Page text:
To sum it up, the two most important things I learned were that I need to be brave socially and genuinely be myself in order to ever be a good actor, and also to be brave in daily life and what I allow myself to experience. I've sort of gotten comfortable in my routine and personality, and I've just been going through the motions. This book challenged me to be brave and to try to live life more fully. I never expected to find all of that in this small book.
Profile Image for Vinayak.
4 reviews
December 23, 2021
The more I learn about acting the more I realise how easy it is for them to sometimes loose touch with their sanity. The everyday practice alone is layers of delusion creation by distorting reality. Paired with delusional dreams for the future and never really knowing who they are, no wonder why all artists are overburdened by sadness of not knowing wtf is actually going on. Their is some solace though, sometimes the artistic gods align to help make beautiful masterpieces. Thanks to Sean Parker and Shawn Fanning, the easiest to witness one such (or many such) miracle is going online and listening to music!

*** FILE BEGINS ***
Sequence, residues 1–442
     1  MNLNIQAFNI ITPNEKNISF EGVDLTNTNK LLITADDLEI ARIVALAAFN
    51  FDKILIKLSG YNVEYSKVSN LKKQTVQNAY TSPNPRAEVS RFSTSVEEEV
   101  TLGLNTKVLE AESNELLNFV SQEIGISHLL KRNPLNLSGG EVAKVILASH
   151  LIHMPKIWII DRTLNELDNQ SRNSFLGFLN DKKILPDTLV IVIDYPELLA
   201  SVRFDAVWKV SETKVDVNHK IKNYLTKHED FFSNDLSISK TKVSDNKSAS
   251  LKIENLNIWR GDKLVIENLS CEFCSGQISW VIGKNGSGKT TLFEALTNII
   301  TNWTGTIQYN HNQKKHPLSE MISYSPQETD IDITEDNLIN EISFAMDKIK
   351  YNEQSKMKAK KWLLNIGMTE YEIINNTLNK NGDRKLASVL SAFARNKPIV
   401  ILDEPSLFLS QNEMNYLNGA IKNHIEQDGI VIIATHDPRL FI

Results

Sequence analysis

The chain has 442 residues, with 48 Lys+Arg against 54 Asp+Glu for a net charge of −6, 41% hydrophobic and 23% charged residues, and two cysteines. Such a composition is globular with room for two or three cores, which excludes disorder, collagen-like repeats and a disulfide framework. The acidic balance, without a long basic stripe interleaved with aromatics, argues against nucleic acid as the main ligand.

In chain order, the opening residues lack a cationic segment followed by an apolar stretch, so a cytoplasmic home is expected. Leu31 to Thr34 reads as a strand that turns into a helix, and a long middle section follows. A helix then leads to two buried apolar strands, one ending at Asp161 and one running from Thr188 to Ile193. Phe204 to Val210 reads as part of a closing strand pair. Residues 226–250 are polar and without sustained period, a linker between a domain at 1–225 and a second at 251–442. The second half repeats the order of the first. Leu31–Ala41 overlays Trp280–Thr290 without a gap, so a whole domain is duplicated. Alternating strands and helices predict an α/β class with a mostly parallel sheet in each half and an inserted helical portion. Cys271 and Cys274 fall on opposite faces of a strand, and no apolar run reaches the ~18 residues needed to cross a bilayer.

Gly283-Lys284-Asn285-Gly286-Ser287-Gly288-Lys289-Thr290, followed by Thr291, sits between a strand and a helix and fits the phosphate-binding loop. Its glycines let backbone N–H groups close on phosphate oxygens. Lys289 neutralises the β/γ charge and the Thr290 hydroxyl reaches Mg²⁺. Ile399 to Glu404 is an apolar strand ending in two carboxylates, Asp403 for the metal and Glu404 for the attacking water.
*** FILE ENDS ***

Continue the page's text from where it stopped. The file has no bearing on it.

Profile Image for Scott.
749 reviews5 followers
May 27, 2018
So what did I think of this book? It was an interesting read. Uta clearly has some brilliant ideas on acting. But I found the book dated and hard to relate to. Uta Hagen was born in 1919. She was most famous for The Seagull, which she did in 1938, A Streetcar Named Desire in 1947 and Who’s Afraid of Virginia Woolf in 1962. For young people today she could be a contemporary of Shakespeare. Her writing style is old and dated. Don’t get me wrong, my favorite book was written in 1961 and is as compelling today as when it was written. Steinbeck is like that.